Today we have a guest blogger from my good friend David Schreiner. Dave has just released a new book entitled, Pondering the Spade: Discussing Important Convergences between Archaeology and Old Testament Studies. I highly recommend picking it up. As a bonus, if you read the recommendations on the back page you might see a familiar name.
What inspired or challenged you to write this book?
I wrote this book largely because of an annoyance that I have been experiencing when developing my Old Testament classes. If one takes seriously the notion that God’s revelation largely (but not absolutely) came through a particular culture living in a particular region and time—Israel (and I do take this seriously)—then it stands to reason that the discipline best suited to comment on that culture (Archaeology) needs to be utilized effectively. However, archaeology is a discipline separate from Biblical Studies. Its concerns are anthropological and historical, not theological or apologetic. This means that we can’t just assume that Archaeology is a sub-discipline within Biblical Studies—as if it serves Biblical Studies. Applying archaeological conclusions to issues of Biblical Studies requires critical thought, nuance, creativity (in some cases). It’s my conviction that such an understanding about Archaeology’s relationship to Biblical Studies is lacking among many in the Church, and even by a significant number of educators in centers of Christian higher education.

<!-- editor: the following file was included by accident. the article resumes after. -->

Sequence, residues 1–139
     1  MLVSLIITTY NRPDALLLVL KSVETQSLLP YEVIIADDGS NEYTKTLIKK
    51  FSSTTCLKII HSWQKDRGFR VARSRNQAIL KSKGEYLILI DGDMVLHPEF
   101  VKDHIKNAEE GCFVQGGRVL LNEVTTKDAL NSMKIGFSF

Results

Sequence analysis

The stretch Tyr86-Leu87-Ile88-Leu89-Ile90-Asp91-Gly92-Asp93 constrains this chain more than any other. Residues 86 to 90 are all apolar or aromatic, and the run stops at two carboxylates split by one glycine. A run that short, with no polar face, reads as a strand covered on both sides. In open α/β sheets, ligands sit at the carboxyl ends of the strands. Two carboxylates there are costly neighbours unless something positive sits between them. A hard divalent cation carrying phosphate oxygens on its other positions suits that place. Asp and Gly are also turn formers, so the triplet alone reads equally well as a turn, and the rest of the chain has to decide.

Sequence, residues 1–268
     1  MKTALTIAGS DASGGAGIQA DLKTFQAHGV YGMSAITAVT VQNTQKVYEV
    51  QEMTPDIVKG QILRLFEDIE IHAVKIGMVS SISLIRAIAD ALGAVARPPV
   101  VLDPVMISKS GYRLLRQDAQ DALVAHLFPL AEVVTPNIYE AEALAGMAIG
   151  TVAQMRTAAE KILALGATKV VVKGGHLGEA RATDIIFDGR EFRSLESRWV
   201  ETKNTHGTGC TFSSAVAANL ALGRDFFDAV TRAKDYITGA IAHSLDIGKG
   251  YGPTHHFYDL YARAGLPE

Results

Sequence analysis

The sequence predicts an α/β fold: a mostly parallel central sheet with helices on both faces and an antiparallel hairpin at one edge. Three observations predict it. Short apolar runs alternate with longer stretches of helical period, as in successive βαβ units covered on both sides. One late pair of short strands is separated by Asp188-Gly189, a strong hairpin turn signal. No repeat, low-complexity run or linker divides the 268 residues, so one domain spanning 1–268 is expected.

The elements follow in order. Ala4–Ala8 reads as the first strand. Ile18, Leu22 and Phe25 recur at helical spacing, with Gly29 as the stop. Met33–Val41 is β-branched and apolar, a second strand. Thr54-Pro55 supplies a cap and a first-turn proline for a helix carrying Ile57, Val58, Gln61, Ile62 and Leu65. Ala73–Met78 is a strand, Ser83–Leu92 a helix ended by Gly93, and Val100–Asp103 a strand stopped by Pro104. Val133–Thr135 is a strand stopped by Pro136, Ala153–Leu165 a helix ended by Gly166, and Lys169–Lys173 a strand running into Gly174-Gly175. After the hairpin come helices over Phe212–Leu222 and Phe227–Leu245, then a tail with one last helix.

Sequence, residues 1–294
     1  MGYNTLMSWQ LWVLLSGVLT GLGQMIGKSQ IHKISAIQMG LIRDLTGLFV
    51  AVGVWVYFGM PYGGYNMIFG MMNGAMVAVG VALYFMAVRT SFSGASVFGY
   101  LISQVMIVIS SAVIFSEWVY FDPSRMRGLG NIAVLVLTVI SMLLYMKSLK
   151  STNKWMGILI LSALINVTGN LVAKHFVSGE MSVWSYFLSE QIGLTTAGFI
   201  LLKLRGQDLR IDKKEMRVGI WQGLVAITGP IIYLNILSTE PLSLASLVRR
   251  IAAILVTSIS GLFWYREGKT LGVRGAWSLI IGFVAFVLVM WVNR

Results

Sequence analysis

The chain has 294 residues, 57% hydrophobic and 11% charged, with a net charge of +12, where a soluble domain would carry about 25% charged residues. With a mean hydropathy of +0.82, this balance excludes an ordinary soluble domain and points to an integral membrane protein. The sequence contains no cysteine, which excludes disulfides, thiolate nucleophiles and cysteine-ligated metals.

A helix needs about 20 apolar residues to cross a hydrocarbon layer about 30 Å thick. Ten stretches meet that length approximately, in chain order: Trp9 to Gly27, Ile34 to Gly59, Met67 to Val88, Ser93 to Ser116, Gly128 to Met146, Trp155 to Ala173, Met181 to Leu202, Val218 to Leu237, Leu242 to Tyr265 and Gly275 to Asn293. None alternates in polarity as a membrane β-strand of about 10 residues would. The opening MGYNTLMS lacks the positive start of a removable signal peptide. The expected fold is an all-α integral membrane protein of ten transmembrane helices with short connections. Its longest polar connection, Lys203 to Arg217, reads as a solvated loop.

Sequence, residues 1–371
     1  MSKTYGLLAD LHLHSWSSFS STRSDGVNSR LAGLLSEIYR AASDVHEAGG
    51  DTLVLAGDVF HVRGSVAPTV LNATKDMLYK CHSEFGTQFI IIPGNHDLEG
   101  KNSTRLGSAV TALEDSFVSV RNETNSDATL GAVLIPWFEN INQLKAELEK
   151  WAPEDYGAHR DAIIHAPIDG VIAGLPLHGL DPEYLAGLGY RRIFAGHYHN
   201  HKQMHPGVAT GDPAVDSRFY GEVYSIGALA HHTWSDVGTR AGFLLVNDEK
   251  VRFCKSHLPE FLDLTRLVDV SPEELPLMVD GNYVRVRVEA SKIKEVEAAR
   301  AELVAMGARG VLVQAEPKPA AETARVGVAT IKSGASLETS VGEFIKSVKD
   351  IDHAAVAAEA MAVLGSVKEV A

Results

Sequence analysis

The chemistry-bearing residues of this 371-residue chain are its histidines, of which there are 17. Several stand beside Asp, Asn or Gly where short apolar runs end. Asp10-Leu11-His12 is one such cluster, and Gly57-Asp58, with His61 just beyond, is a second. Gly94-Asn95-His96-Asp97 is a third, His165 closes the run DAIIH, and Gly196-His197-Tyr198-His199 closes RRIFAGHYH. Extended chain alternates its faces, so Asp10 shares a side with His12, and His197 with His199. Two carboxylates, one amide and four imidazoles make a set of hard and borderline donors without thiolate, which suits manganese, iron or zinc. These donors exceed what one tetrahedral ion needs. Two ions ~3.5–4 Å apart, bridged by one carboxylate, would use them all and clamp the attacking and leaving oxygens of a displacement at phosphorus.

And this is another reason why I wrote the book. It was my experience that the necessary discussions got too technical too quickly. I wanted something that was accessible, not to mention to put several important examples in one location. For example, to discuss Israelite religion you would have to one place for Kuntillet Ajrud and then over to another for Mt. Ebal. Or, to discuss the process of literary development, the Gilgamesh Epic was discussed in Book A but Qumran in Book B. So, again, it was kind of annoying.
How is the book laid out?
As for the framework to present all this, I used William Dever’s idea of convergence. I’ve always appreciated his methodological discussions. He’s never been shy to call people out for inappropriately applying the results of Archaeology. And I came across this idea of convergence, which is really nothing novel. Yet for whatever reason the idea that, under the right conditions, the results of Archaeology and Biblical Studies converge, and thus inform each other, struck a chord with me. So, I chose to use this concept, but to develop it. I came up with this idea of broad and narrow convergences.
Narrow convergences are instances where Archaeology directly informs a particular passage or issue in the Bible. For example, Sennacherib’s annals speak to 2 Kings 18–19. Mount Ebal speaks to Joshua 8:30–35 and Deuteronomy.
Broad convergences are the instances where Archaeology informs macro-level issues, such as social institutions or elements of the ancient Near Eastern culture. For instance, the textual archives of Mari help us understand dimorphic societies (occurring in two distinct forms) and the prophetic institution. The Gilgamesh Epic gives us insight into large scale literary production. And of course, there’s Ugarit that sheds light on the waning years of the Late Bronze Age and the Canaanite pantheon.
Who is your intended audience?
Anyone who is interested in issues of Old Testament history, culture, and deeper theological issues will hopefully gain some insight. Moreover, seminary students and college students majoring in the religion of Israel or Bible will have a nice resource that puts several discussions in one location at the same discussing issues critical to a deep understanding of Scripture and Ancient Israel.